In other words, why make research a precondition for what could be possible? After all, we don’t know how to measure what we care about, and only care about what we can measure… all of which is just the past anyway. Research is an ouroboros, a snake eating its own tail. Our strategies can be rationalized by our own desires for a world we want to see, but does not yet exist.
Right now, companies are developing digital twin models of audiences so brands can A/B Test messaging before putting it out into the real market. But this costly software wouldn’t be necessary if organizations were active participants in the cultures or markets they were so keen to resonate with.
The reason artists don’t need market research is because they’re already immersed in the world they’re making for.
Bypass over-analysis and decision paralysis by living whatever you’re studying.
If you consider yourself an observer of culture, you’ve already put yourself on the sidelines.
When you’re an active participant in the interests of those you hope to resonate with, you don’t need to decipher what’s trending. You’ll know.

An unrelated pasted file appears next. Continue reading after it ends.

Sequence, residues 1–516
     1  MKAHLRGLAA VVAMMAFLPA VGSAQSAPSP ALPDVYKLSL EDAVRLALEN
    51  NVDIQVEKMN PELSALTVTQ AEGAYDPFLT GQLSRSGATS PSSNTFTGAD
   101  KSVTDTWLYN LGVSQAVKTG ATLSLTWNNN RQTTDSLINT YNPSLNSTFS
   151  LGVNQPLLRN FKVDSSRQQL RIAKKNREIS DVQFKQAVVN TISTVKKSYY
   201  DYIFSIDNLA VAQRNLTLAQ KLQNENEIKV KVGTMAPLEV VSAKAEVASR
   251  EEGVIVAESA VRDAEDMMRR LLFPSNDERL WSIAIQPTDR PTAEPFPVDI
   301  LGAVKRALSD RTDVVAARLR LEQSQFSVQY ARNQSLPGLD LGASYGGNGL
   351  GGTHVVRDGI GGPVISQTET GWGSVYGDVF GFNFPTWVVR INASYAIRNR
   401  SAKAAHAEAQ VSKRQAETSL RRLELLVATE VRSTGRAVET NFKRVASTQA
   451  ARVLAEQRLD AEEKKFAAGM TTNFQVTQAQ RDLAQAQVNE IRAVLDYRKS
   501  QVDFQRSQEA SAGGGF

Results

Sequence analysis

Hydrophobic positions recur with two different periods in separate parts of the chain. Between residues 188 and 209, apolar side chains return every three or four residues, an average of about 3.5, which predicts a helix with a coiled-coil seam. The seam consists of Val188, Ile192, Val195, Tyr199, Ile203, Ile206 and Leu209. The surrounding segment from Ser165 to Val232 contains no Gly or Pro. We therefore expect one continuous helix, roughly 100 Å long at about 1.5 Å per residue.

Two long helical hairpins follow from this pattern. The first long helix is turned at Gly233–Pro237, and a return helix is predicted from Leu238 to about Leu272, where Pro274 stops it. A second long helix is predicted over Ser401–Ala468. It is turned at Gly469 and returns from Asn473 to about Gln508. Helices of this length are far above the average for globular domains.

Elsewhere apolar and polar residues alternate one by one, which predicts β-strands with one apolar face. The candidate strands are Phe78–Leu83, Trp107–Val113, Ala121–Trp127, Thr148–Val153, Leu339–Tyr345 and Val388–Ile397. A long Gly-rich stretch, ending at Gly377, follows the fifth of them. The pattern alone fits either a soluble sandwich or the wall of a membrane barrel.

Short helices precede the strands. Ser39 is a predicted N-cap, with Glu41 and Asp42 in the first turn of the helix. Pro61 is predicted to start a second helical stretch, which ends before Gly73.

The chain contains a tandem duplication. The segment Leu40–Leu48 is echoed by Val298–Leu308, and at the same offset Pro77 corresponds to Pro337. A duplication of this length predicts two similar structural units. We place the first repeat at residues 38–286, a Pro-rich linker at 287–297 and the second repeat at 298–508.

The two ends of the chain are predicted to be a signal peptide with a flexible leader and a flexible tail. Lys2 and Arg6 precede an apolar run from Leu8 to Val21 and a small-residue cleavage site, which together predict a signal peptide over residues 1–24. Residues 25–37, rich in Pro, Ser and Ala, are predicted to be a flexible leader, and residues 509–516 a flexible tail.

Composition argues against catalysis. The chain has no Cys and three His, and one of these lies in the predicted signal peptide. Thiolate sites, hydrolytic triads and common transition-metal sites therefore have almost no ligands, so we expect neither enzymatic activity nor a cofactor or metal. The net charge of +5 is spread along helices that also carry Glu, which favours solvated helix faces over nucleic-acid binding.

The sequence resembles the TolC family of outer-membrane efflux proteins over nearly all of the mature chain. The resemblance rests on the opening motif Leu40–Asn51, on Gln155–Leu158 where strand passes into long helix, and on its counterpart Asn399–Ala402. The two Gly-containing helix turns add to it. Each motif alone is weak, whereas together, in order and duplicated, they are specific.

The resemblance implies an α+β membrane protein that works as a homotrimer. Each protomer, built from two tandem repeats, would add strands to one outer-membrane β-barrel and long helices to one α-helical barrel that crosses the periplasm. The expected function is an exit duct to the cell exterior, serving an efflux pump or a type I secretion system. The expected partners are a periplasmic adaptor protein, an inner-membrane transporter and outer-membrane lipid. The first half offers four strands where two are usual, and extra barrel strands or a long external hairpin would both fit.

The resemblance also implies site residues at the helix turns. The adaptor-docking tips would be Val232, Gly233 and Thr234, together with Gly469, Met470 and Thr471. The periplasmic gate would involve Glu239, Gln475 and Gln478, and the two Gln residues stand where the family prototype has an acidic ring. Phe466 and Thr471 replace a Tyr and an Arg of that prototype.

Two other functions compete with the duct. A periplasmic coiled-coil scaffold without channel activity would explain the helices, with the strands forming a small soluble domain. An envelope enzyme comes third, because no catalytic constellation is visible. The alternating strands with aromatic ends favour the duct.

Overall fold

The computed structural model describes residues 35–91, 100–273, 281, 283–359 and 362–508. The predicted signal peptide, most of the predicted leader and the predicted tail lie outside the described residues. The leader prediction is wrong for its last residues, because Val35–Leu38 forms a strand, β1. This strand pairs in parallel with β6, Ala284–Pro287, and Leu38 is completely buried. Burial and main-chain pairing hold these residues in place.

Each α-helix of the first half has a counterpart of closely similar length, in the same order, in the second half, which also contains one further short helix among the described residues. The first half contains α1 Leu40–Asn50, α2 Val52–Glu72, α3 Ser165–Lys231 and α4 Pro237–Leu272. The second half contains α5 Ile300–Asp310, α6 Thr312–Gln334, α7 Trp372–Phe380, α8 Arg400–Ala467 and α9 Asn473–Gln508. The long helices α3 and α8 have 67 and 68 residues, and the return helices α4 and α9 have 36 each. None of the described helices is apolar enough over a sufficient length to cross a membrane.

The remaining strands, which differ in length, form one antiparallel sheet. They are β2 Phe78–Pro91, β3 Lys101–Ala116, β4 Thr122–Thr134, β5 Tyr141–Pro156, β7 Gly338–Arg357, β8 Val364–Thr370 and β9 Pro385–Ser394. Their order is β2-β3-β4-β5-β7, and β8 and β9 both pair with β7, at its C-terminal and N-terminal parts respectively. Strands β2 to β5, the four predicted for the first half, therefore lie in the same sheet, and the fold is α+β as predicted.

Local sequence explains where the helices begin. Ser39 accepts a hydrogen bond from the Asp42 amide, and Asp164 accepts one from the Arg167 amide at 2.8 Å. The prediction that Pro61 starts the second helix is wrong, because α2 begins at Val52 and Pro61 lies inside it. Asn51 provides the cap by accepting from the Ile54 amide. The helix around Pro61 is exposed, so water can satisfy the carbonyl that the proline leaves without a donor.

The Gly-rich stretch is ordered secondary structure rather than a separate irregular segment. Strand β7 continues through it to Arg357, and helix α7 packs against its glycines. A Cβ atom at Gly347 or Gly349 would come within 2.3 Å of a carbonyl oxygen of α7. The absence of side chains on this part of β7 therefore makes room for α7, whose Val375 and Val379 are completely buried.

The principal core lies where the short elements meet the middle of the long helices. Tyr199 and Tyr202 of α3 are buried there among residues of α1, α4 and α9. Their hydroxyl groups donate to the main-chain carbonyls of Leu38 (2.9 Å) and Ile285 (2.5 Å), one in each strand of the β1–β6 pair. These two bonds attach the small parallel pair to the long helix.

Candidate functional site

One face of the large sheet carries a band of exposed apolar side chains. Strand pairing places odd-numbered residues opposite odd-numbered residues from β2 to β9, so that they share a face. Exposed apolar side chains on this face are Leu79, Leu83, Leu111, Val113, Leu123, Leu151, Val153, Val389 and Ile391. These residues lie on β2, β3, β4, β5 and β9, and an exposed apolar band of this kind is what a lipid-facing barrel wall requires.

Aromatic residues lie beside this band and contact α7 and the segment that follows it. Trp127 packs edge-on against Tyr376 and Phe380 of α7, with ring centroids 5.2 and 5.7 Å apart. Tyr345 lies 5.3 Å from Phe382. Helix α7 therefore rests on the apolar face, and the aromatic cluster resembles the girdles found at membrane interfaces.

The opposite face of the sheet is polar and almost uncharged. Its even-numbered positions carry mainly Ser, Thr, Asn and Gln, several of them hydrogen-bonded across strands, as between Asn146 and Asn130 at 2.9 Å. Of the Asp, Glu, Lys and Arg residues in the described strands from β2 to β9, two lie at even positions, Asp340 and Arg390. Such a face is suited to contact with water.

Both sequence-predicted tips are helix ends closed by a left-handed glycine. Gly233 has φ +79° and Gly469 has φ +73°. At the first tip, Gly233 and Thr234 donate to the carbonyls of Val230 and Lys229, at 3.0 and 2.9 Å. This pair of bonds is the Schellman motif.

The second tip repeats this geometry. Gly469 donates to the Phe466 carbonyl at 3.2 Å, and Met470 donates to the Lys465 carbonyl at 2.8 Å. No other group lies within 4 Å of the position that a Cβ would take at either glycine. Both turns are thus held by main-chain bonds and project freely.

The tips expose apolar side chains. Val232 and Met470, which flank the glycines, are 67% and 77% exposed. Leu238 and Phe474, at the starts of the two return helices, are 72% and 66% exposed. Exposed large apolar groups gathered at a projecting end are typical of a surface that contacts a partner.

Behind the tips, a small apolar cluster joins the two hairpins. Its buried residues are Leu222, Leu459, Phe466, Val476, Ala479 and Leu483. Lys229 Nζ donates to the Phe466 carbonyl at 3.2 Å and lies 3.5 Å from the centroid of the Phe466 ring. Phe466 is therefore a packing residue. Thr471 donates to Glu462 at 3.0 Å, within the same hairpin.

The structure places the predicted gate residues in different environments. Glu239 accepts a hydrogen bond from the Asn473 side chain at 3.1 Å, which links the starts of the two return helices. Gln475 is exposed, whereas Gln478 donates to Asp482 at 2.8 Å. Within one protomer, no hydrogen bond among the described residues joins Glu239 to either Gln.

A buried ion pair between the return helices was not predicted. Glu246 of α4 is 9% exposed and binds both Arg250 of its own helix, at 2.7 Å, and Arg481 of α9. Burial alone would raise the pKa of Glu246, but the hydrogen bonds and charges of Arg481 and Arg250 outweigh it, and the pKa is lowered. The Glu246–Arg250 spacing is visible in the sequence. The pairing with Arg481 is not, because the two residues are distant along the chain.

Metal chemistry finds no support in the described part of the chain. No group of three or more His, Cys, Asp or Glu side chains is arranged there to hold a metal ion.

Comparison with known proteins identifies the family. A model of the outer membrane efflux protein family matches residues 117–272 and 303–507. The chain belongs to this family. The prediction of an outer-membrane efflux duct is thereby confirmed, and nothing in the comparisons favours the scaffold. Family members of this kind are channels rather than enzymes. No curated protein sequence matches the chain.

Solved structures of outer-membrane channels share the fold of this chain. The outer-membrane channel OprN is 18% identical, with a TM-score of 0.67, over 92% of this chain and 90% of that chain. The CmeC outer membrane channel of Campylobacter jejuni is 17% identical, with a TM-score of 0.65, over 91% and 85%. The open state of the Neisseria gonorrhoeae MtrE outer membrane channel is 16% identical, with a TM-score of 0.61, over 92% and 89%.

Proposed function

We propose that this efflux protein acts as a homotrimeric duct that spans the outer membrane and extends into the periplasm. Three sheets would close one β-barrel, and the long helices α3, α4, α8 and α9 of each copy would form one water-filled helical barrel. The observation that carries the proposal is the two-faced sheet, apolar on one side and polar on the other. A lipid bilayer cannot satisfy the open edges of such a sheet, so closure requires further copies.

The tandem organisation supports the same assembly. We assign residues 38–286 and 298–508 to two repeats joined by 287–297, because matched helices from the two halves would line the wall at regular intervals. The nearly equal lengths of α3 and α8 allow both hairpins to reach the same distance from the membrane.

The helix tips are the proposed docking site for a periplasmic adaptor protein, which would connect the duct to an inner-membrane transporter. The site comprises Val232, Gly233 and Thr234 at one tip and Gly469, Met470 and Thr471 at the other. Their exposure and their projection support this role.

The answer is already in front of us.
Don’t leverage social media for Community Management – no brand can own a crowd – but think of it as an opportunity for Community Participation. Test and learn. Build in public. Integrate. Collaborate. Simply, hang out. Join communities.
Consider “channel strategy” as opportunities for two-way interaction, not one-way dissemination.
Foresight as Activism
Instead of chasing cool, how can marketers work with existing communities, especially those overlooked in the margins of culture, who already have the ideas for the worlds they wish to see?
The nuance is radical: Market research and trend-fetichism is self-centering. From a place of privilege, brands fight to place themselves at the center of existing change.
Instead, by collaborating with communities who are making (or struggling to make) progress, marketers can author preferred futures with and for them.
WARC found 65% of strategy leaders agree (vs. are neutral or disagree) that all brands should have a purpose beyond profit, 75% believe brands should take a stand on environmental issues, and 47% on political or social issues.
But with that, 79% believe “Fear of audience backlash means brands are increasingly reluctant to take a stand on political or social issues.”
So... if marketers believe understanding culture is increasingly important (likely to hedge against backlash), but have less available time to research communities, how are they to overcome this fear and take the stands they’re so interested in taking?
Strategy Executive Nick Susi asks marketers,